Thomas Browne, an English physician and writer, was born Oct. 19, 1605. Browne was one of the truly great stylists of the British Baroque period, best known perhaps for his Religio medici, a soulful introspective look at religion and mortality. But Browne was also an astute observer of nature, and his Pseudodoxia epidemica (1646) is a truly remarkable work in which Browne assembled all the stories about animals, plants, minerals, the weather, that one could find in the typical work of natural history, and proceeded to test them to see if they are true. Will a kingfisher hung by its bill really point north, as everyone says? Browne hung one up, and found that it points any which way. Does a chameleon live on air? Browne observed one, and discovered that it eats flies (third image). For 2000 years, naturalists had collected such stories and delighted in them, and now someone wanted to know which ones, if any, are true. It is a remarkable moment in natural history, and the discipline was drastically altered because of it. We have a first edition of Browne’s Pseudodoxia in the History of Science Collection.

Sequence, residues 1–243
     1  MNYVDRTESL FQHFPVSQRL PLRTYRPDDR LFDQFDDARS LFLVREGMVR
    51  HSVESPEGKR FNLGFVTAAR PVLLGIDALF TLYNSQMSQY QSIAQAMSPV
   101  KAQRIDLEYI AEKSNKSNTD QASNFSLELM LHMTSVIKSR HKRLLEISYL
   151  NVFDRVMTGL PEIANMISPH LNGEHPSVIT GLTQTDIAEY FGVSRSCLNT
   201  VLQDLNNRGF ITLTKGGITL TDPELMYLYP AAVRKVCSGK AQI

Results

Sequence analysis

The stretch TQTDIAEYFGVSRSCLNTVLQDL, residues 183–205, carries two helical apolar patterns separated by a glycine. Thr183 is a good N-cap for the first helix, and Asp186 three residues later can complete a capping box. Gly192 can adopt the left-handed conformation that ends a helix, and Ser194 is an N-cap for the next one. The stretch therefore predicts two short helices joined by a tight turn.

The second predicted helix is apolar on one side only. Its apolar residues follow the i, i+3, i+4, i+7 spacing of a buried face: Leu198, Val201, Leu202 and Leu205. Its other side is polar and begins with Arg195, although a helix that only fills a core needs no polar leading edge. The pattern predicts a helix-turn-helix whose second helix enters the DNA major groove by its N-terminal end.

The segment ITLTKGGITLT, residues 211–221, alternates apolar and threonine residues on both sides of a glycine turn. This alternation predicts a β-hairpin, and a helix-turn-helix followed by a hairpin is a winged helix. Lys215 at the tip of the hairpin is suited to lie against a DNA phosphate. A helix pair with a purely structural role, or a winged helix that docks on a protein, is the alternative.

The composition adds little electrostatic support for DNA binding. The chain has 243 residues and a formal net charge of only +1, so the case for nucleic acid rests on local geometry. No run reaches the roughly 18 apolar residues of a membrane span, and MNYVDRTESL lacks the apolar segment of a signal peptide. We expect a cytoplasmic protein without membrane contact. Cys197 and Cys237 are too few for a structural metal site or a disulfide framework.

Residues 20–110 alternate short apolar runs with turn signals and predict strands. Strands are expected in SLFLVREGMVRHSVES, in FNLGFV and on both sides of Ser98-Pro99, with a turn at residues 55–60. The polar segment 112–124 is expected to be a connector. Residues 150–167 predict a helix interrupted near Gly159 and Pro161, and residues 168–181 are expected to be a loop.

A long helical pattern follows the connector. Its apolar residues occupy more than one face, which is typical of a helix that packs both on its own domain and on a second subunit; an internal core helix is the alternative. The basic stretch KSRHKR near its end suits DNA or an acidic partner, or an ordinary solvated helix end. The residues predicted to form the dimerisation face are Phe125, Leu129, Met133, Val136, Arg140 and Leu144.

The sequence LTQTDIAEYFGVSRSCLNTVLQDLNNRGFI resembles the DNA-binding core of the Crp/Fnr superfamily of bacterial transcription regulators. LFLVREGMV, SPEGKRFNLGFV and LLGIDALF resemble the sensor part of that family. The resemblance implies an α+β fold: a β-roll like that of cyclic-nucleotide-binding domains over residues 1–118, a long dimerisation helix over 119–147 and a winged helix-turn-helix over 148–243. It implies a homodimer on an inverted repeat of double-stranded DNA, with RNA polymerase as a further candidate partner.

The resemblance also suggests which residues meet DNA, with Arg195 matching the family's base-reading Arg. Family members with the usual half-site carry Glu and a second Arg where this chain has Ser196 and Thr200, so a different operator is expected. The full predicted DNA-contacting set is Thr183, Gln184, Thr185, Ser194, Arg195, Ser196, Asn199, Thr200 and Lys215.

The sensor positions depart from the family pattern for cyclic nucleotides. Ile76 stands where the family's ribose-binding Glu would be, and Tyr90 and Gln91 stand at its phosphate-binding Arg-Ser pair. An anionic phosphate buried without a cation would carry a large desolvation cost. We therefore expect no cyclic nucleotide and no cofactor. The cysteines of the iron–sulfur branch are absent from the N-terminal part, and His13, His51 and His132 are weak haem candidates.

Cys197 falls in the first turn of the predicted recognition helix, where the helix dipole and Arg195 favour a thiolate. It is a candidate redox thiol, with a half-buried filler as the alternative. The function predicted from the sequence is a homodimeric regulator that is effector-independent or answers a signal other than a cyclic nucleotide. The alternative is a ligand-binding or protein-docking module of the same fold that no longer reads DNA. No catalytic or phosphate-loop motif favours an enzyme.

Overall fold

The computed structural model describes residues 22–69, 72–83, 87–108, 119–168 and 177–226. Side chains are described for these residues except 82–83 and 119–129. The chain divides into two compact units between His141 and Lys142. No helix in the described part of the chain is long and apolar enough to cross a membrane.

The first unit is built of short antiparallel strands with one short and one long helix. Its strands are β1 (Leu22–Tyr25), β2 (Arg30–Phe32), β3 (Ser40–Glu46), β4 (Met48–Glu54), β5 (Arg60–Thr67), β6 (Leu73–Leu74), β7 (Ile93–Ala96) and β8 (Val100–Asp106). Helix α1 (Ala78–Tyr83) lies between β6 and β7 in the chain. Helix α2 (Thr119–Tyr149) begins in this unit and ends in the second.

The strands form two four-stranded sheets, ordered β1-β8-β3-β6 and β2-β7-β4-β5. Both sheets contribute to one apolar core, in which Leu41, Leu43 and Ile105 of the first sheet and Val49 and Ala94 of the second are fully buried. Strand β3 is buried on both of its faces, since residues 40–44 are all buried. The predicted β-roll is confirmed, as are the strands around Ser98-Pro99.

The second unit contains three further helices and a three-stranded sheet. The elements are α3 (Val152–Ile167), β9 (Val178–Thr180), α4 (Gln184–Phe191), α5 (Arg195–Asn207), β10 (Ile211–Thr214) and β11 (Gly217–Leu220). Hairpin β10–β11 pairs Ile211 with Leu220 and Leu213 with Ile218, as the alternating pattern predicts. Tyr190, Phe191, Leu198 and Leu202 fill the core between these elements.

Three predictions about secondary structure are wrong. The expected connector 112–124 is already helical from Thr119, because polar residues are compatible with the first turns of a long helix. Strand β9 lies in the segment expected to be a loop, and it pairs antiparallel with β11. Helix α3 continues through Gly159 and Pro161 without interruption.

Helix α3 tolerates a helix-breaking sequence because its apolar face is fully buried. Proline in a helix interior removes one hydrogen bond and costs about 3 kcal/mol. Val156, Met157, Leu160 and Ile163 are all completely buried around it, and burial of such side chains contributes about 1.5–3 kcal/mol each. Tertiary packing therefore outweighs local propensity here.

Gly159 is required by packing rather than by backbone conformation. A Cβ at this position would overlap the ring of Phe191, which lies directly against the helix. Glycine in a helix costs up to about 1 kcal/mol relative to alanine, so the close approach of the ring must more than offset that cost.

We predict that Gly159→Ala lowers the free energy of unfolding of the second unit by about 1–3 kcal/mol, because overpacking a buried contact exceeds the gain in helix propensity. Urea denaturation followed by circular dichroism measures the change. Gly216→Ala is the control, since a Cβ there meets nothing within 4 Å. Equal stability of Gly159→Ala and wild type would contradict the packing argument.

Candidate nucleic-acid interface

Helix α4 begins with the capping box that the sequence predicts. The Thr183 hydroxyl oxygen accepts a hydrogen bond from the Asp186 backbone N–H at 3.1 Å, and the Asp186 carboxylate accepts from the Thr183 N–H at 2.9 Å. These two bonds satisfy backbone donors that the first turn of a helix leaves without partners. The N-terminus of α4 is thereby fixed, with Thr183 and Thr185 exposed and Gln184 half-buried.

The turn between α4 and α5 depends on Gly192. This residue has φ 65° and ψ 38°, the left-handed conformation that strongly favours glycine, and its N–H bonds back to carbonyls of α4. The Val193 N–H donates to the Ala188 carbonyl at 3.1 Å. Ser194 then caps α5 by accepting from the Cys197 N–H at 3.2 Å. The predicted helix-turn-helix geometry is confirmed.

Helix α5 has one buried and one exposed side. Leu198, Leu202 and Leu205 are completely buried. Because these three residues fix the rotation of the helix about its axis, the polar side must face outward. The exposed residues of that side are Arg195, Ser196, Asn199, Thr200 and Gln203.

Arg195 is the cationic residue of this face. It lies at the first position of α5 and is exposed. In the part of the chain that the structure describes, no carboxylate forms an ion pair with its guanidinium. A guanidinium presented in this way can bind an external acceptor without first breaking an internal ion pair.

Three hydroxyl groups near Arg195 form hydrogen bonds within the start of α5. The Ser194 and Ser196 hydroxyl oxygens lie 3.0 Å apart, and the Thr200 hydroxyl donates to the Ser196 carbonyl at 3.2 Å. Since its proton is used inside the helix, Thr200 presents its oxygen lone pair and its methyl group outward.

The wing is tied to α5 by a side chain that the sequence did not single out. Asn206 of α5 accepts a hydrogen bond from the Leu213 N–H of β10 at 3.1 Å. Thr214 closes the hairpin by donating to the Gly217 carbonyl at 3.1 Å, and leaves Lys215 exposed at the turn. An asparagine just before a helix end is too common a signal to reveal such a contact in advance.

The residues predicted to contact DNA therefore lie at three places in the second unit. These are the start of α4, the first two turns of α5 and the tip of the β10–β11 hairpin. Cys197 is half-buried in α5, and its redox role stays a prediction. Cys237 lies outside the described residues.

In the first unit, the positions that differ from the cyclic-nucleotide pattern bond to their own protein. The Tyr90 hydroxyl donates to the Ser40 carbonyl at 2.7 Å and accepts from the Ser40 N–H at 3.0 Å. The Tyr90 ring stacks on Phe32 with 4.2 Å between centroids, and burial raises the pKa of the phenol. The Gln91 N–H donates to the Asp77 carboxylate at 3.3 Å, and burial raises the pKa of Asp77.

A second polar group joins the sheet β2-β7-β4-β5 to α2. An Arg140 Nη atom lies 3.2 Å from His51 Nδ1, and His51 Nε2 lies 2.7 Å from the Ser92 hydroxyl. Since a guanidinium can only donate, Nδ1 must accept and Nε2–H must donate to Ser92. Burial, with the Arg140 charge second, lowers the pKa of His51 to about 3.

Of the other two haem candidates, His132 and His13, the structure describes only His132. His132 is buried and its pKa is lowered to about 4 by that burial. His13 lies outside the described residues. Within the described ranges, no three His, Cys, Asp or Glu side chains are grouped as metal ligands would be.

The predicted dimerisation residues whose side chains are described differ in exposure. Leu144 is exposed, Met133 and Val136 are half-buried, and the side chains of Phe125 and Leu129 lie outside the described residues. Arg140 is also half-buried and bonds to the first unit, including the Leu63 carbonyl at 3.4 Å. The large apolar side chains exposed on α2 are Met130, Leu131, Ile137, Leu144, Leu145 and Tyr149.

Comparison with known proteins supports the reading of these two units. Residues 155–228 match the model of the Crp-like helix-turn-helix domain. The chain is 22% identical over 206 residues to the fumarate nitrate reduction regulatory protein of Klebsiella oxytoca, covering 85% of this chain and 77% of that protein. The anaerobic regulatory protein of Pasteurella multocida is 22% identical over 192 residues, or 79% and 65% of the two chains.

Browne was also a pioneer in archaeology, publishing a piece called Hydriotaphia, Urne-Burial (1658), which is at once an examination of some Saxon ossuary jars that had been unearthed in Norfolk, and a rumination on death and the human desire to erect monuments that have no chance against the erosion of time, “which maketh pyramids pillars of snow, and all that’s past, a moment.” The urns were figured in the frontispiece to his work, which is one of the first pictures we have of specific, identifiable antiquities (first image). The image here is taken from his collected Works (1686), which we also have in the collection. The engraved portrait forms the frontispiece of the Works (fourth image). There is a bronze statue of Browne in a square in Norwich, where he sits and contemplates a broken urn and either the shadow of death or the prospect of eternity (fifth image).

Dr. William B. Ashworth, Jr., Consultant for the History of Science, Linda Hall Library and Associate Professor, Department of History, University of Missouri-Kansas City. Comments or corrections are welcome; please direct to